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Hip Strength & Stability Week 7 - Single-Leg Strength Exercises


By David Drinks


We took a brief rest last week for the Thanksgiving holiday, so hopefully, you enjoyed your turkey and didn’t miss us too much! We’re back this week, though, with week 7 of our series on Hip Strength & Stability.



Now in week 7, we are going to really start to push you with some challenging single-leg strength exercises!



As I mentioned in my post from week 6, whenever you move from a two-leg exercise to either a split-stance or a single leg stance, you are inherently creating more challenge for the hip muscles.



Taking away the extra stability from a two-leg stance means that you must use a lot more of the lateral and rotational hip muscles to control against unwanted movement at the leg.



A less stable set up = a much more challenging hip stability exercise.



Challenging your hip stability in this way is a quality of training that really becomes important when you’re talking about training functional control of the legs.



You can certainly get stronger from doing bilateral stance exercises, like squats and deadlifts. As long as you continue adding weight to the bar, you’ll continue to get stronger.



In fact, bilateral stance exercises are definitely the best way to build pure strength in the lower body.



However, when it comes to training functional control of the lower body for sports activities, running, or even just walking and climbing stairs, single-leg exercises become hugely important.



Why?



Well, if you think about it, we don’t do too much in regular life or sports (other than get up and down out of a chair) solely in a bilateral stance. Rather, we are almost always transitioning from one leg to the other, whether that’s in a walking gait, running, or climbing.



If you can’t control your body well when you’re on one leg, then you aren’t going to perform well in any of those activities. Plus, you’re at a higher risk of injury if you don’t have good stability and control in a single-leg stance.


So, for that reason, single leg exercises like the ones I’ll show you today are crucial to add to a functional strength training program.



You definitely should build overall strength with heavier bilateral stance exercises like squats and deadlifts, but you also need to be sure to challenge yourself in a single leg stance if you want to make it more functional.



However, you also need to make sure that you are ready for these single-leg exercises and that you’re able to do them with enough control. If you aren’t able to do the single leg exercises that I’ll show you today with any semblance of control, or if you find your knee wobbling side to side as you attempt to do them, then it’s probably idea to back off and build up to it.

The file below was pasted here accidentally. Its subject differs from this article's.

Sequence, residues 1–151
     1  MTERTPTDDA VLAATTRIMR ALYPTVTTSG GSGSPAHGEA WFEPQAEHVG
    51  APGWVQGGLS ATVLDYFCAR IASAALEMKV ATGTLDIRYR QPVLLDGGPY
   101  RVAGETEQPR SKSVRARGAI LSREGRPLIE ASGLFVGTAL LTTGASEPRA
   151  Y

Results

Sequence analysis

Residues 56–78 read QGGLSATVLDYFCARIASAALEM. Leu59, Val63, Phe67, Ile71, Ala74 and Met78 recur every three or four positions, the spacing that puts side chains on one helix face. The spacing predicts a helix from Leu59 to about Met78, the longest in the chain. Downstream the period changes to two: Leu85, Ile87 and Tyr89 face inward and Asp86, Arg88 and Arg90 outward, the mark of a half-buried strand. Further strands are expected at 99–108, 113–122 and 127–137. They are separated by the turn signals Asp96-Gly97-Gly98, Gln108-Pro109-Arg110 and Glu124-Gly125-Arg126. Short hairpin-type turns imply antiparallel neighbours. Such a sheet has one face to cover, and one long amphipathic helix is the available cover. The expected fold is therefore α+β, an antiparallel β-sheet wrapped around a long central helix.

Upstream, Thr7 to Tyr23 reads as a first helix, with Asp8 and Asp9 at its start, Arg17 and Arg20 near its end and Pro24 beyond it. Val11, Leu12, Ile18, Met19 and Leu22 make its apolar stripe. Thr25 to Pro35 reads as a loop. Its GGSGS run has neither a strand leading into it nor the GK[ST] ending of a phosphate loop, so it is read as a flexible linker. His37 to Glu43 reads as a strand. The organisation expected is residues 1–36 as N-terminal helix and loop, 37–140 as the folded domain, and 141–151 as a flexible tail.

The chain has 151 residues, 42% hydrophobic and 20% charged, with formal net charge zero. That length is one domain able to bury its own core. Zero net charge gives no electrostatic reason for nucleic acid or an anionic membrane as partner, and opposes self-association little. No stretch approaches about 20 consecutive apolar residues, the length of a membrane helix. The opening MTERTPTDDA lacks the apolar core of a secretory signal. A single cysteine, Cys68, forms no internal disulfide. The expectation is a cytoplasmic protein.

In this case, you can spend more time building up strength by performing bilateral stance exercises with proper technique. Then, you can build up to split-stance exercises, like the split squat I highlighted last week.



From there, you can progress to some more challenging single-leg exercises with confidence.



However, if you jump into single-leg training too fast, you have the potential to do more harm than good.



With that in mind, let’s take a look at some great options for working on your single-leg strength and stability, and I’ll show you how to start with a more basic exercise and progress to a more challenging single-leg exercise.



That way, when you’re ready, you’ll have a good progression to go through to work your way up to pristine single-leg strength and stability!



Check it this week’s video here:





How Much?



These are definitely some of the more challenging lower body exercises that you can do. Not only do they require a lot of strength, but they also require control.



For that reason, it’s best not to overdo these. When you first start into single leg tap downs and single-leg squats, it’s best to work on a few sets of 5-8 reps max.



If you try to overdo the number of reps in a set, chances are that you’re going to fatigue and lose control of the leg. In that case, you’re no longer training hip stability, you’re just trying to get through a certain amount of reps.



Instead of pushing to get a lot of reps, focus on shorter sets with better control. Once you develop good strength and control, you can begin to add more sets and even some resistance to the exercise in the form of weights or a weight vest.



However, keeping the reps per set to 8 or less is almost always a good idea, so you can focus on control and stability throughout each set.



So, give these single-leg strength and stability exercises a shot when you’re ready for them! If you need some guidance or want to make sure you’re doing them correctly, feel free to reach out to us at The Med Gym, and we’ll get you on the right track.




Want to learn more about training your body to Move Better, Feel Better, and Live Better? Our exercise programs at the Med Gym are custom made to get you exactly what you need. Whether you come into the gym or work with us via Med Gym Online, we can help you get on the right track with your movement and fitness. Contact us here to talk about how we can help you develop an exercise routine that improves your hip strength & stability and so much more!

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